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Electric Cars

What’s Missing From America’s EV Charging Strategy

Hint: not all electric vehicles weigh thousands of pounds.

America’s national electric vehicle charging effort is leaving out the types of EVs with the most potential to curb catastrophic climate change: the shared electric bicycles and scooters that are ideal for short trips in our cities and towns, advocates say. 

According to a new report from the North American Bikeshare and Scootershare Association, the federal government currently dedicates zero dollars to on-street docking stations for e-bikes and other micromobility options — or, more accurately, human-scaled modes — compared to a staggering $7.5 billion for shared and private electric cars. 

Graphic: NABSA

And that omission, the report authors argue, is slowing the rollout of a critical mobility alternative without which we’re unlikely to curb the worst effects of climate change. Climate experts say that global city-dwellers must use a mode other that driving for at least 40 percent of the miles they travel by 2030 to keep transportation sector emissions under control, but Americans often rely on private cars and cabs even for short, safe journeys that many Americans could accomplish by e-bike — if there were only one around. 

“In order to scale the benefits of shared micromobility and support the growing demand, it is essential to develop connections to the electrical grid and implement electric shared micromobility charging stations,” the authors wrote. “Funding and support at all levels of government [are] critical to making this happen.”

Graphic: NABSA.

Whether they’re being ridden by people with disabilities or folks who just don’t want to get sweaty, electric vehicles are rapidly coming to dominate the shared micromobility universe, with 55 percent of systems reporting at least some battery-powered vehicles in their ranks in 2022 (up from just 28 percent in 2019). The same year, 65 percent of all shared bike and scooter trips involved some kind of an electric boost, and 37 percent of journeys replaced a car trip, offsetting a whopping 74 million pounds of carbon dioxide. 

To keep those fleets running, though, operators are often forced to pull vehicles or their batteries off the streets and charge them in warehouses, increasing labor and transport costs so much that it’s all but assured that e-vehicles will never be “viable at large scale.” 

Charging small vehicles in the field, though, also isn’t very cost efficient — at least without up-front government help. Connecting a scooter or bike dock to electricity in the field requires intensive site preparation like digging trenches, or installing solar panels that the report authors say represent “substantial additional cost to the charging station itself,” even if that panel eventually delivers power back to the grid.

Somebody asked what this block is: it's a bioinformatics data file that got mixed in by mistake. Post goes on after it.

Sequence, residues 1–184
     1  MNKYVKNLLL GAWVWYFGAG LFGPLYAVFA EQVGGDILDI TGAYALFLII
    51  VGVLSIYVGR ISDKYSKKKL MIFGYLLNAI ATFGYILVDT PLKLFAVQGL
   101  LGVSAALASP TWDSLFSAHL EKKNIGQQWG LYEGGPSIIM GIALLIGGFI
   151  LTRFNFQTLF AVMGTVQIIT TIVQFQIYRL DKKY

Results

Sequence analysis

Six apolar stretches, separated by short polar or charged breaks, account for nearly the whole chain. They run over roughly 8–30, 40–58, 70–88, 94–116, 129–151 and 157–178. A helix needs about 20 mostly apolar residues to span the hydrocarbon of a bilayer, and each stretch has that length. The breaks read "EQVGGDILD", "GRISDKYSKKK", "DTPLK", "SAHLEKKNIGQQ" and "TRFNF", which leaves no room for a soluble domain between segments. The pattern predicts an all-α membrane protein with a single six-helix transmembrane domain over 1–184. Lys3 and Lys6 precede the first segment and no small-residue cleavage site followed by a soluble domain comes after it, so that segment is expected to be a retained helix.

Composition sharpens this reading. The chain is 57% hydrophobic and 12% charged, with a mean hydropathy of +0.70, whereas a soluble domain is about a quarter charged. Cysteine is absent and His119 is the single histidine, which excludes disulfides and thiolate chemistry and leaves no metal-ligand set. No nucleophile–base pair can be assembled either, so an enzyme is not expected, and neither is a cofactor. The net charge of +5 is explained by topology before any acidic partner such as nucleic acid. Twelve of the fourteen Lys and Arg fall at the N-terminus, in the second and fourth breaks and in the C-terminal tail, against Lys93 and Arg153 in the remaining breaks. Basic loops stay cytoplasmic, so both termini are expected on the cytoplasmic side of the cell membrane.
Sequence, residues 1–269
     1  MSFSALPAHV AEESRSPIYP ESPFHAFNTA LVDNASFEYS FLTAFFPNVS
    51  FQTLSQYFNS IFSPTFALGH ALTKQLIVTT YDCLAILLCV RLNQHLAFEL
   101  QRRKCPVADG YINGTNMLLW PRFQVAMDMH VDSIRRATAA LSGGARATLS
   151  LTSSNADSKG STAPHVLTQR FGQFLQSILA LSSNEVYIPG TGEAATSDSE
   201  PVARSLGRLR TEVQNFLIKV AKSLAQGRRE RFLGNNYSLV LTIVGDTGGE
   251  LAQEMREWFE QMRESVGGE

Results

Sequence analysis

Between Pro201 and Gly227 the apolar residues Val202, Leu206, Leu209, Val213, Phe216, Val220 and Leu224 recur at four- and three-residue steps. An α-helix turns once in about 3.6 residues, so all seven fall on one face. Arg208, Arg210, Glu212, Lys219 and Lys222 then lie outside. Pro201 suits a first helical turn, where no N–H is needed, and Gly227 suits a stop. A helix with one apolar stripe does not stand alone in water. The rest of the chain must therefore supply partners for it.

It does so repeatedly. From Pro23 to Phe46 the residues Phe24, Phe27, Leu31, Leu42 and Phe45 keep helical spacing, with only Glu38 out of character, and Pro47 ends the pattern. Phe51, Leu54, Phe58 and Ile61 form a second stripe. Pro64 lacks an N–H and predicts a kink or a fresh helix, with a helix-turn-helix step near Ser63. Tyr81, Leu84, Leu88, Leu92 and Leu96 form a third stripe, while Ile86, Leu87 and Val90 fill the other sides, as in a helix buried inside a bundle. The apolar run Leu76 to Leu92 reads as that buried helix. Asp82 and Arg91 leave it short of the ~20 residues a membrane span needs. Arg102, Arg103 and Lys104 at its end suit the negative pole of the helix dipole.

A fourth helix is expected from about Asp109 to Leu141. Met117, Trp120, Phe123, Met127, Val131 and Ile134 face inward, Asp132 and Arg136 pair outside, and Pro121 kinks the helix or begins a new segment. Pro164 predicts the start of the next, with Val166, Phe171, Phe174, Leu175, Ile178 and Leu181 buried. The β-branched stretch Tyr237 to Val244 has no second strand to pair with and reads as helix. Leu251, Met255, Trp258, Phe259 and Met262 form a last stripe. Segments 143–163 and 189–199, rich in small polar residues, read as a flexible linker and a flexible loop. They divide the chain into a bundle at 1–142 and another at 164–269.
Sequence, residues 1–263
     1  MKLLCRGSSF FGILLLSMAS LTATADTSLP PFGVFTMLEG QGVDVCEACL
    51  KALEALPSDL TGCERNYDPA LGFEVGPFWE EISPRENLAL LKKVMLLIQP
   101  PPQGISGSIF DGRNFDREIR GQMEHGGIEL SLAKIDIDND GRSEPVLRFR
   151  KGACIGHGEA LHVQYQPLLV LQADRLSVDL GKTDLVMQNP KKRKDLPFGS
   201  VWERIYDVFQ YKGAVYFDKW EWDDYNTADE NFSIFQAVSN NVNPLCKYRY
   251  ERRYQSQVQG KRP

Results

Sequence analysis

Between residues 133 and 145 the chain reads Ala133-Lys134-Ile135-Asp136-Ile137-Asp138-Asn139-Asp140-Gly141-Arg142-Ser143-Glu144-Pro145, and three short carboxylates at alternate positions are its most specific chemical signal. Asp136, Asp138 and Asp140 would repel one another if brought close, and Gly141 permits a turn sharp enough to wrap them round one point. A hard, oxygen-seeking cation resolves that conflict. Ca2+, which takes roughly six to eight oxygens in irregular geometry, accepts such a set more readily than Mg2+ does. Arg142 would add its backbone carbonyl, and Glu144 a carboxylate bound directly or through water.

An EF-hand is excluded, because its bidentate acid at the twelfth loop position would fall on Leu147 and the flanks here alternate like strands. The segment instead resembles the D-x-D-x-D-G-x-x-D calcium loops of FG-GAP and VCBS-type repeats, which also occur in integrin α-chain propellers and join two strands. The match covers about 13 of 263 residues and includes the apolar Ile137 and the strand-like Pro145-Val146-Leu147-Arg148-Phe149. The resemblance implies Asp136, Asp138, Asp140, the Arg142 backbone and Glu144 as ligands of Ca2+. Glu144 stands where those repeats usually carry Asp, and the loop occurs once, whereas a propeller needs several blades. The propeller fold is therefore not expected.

Building charging stations for electric cars, of course, isn’t cheap or simple, either — and they don’t deliver nearly as much environmental bang for cities’ buck, considering that a single-occupancy electric Ford F-150 uses way more raw battery materials to move the same number of people as a scooter. Under federal law, though, every U.S. state is required to submit a statewide EV charging plan — and besides the state of Oregon, none has included micromobility in those plans. 

Graphic: NABSA

Ironically, those same car-dominated EV charging plans could help U.S. communities create the blueprint for building networks of micromobility charging infrastructure, too — if they have the foresight to install them when they’ve already dug up their streets. And even if cities don’t have the money to put up bikeshare docks right now, they can at least ready the grid for those improvements later, especially in underserved communities where micromobility might have the most impact. 

The North American Bikeshare and Scootershare Association stresses that transportation leaders at all level of government  are responsible for making sure the EV charging revolution doesn’t leave the micromobility industry behind. Federal policymakers can and should create dedicated funding sources just for bike and scootershare charging, but states can already leverage the Carbon Reduction Program and local politicians can open up their land use codes to incentivize or even require certain developers to invest in emerging green modes. Developers, meanwhile, can take advantage of the Alternative Fuel Vehicle Refueling Property Credit to build docks on their land — universities and properties near transit are particularly prime candidates — and utility companies can make creating grid connections suitable for charging stations a routine part of their operations. 

Graphic: NABSA

Since only an estimated 20 to 30 percent of all micromobility hubs need to be electrified to adequately serve the charging needs of most operators, the report authors are confident that U.S. communities can rise to this challenge — because if they don’t, we’ll miss out of a once-in-a-generation opportunity reduce car dependency. 

“This is an important moment and opportunity for policymakers and civic partners to think and act multimodally and holistically across policy and implementation,” NABSA wrote. 

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